shot, on admitting their falsehood and begging pardon publicly.
Rule 10. Any insult to a lady under a gentleman's care or protection
to be considered as, by one degree, a greater offense than if given to
the gentleman personally, and to be regulated accordingly.
Rule 11. Offenses originating or accruing from the support of ladies'
reputations, to be considered as less unjustifiable than any others of
the same class, and as admitting of slighter apologies by the
aggressor: this to be determined by the circumstances of the case,
but always favorable to the lady.
Rule 12. In simple, unpremeditated recontres with the smallsword,
or couteau de chasse, the rule is -- first draw, first sheath, unless
blood is drawn; then both sheath, and proceed to investigation.
Rule 13. No dumb shooting or firing in the air is admissible in any
case. The challenger ought not to have challenged without receiving
offense; and the challenged ought, if he gave offense, to have made
an apology before he came on the ground; therefore, children's play
must be dishonorable on one side or the other, and is accordingly
Rule 14. Seconds to be of equal rank in society with the principals
they attend, inasmuch as a second may either choose or chance to
become a principal, and equality is indispensible.
Rule 15. Challenges are never to be delivered at night, unless the
party to be challenged intend leaving the place of offense before
morning; for it is desirable to avoid all hot-headed proceedings.
Rule 16. The challenged has the right to choose his own weapon,
unless the challenger gives his honor he is no swordsman; after
which, however, he can decline any second species of weapon
proposed by the challenged.
Rule 17. The challenged chooses his ground; the challenger
chooses his distance; the seconds fix the time and terms of firing.
Rule 18. The seconds load in presence of each other, unless they
give their mutual honors they have charged smooth and single, which
should be held sufficient.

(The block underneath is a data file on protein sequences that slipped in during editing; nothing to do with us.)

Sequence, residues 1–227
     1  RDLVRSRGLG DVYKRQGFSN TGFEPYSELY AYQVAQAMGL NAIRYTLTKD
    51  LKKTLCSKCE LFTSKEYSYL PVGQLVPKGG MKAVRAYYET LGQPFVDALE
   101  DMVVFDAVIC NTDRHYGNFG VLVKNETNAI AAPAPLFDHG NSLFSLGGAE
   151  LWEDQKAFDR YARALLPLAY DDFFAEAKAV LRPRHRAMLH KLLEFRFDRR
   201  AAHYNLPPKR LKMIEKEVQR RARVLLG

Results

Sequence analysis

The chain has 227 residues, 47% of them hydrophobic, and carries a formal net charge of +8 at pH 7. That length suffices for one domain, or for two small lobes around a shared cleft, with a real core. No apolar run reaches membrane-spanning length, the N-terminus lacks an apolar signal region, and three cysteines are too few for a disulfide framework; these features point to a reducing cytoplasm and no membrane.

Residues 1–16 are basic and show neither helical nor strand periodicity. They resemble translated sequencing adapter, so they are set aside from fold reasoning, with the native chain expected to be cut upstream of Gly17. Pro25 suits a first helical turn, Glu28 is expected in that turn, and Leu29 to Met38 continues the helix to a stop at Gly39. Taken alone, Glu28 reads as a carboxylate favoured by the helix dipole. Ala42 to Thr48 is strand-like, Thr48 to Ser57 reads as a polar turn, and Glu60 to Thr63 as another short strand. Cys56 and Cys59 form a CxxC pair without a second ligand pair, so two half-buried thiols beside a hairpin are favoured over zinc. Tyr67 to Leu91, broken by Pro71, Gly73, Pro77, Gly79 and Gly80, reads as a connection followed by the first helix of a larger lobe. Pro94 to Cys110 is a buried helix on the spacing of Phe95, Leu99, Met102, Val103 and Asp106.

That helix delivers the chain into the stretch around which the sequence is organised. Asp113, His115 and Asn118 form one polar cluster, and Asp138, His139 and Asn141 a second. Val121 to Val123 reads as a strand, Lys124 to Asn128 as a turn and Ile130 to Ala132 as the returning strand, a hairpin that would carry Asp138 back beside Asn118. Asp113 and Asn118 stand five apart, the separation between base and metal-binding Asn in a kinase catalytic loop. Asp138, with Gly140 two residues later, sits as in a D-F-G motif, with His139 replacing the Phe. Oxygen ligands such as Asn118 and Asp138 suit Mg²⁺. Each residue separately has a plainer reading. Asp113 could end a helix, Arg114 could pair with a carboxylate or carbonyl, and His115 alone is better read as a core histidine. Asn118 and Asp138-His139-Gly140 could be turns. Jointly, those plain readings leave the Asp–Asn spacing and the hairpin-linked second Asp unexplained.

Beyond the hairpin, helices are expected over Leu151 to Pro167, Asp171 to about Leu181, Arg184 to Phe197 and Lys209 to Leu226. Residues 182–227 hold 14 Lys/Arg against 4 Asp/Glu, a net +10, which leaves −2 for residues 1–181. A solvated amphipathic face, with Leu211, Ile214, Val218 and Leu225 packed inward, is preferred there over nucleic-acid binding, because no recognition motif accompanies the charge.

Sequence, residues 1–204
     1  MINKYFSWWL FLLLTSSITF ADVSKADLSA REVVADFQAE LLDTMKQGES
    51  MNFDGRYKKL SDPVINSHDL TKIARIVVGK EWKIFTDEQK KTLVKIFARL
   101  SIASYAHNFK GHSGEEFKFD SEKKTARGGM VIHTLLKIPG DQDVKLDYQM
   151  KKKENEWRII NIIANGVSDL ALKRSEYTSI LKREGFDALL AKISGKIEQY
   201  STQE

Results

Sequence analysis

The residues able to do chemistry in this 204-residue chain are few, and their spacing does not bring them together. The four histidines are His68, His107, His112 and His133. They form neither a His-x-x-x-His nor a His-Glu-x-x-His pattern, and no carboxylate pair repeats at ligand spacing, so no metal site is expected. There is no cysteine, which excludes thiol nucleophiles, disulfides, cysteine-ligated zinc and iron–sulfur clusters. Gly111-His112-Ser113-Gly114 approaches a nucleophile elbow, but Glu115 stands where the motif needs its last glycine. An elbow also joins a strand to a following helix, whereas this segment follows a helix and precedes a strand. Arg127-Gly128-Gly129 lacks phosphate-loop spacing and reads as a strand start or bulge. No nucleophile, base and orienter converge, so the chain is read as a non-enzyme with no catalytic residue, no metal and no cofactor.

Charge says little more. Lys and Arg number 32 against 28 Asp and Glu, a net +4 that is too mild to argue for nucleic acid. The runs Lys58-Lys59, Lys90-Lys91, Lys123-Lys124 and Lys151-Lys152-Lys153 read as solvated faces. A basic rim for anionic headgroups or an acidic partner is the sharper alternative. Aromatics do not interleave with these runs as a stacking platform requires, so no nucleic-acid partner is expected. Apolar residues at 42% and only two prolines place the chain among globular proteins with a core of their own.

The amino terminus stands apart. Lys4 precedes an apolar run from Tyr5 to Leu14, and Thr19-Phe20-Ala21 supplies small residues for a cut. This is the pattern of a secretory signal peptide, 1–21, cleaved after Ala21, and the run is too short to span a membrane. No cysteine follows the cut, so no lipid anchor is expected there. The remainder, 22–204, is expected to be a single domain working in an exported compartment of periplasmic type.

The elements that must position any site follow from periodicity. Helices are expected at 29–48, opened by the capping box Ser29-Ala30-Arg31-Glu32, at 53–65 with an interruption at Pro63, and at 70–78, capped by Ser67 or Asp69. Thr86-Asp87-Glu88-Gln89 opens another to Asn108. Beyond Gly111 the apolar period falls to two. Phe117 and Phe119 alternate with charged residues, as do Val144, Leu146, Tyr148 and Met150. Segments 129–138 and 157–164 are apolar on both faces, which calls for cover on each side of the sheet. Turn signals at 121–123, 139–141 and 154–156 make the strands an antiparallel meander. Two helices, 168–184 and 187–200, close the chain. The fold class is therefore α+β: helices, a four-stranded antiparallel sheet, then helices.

Rule 19. Firing may be regulated -- first by signal; secondly, by
word of command; or thirdly, at pleasure -- as may be agreeable to
the parties. In the latter case, the parties may fire at their reasonable
leisure, but second presents and rests are strictly prohibited.
Rule 20. In all cases a miss-fire is equivalent to a shot, and a snap
or non-cock is to be considered as a miss-fire.
Rule 21. Seconds are bound to attempt a reconciliation before the
meeting takes place, or after sufficient firing or hits, as specified.
Rule 22. Any wound sufficient to agitate the nerves and necessarily
make the hand shake, must end the business for that day.
Rule 23. If the cause of the meeting be of such a nature that no
apology or explanation can or will be received, the challenged takes
his ground, and calls on the challenger to proceed as he chooses; in
such cases, firing at pleasure is the usual practice, but may be varied
Rule 24. In slight cases, the second hands his principal but one
pistol; but in gross cases, two, holding another case ready charged in
Rule 25. Where seconds disagree, and resolve to exchange shots
themselves, it must be at the same time and at right angles with their
If with swords, side by side, with five paces interval.
--from The Duel: A History of Duelling, Robert Baldick, Chapman and Hall Ltd.,
London, 1965; Hamlyn Publishing Group Ltd., London, 1970. ISBN 0 600 32837 6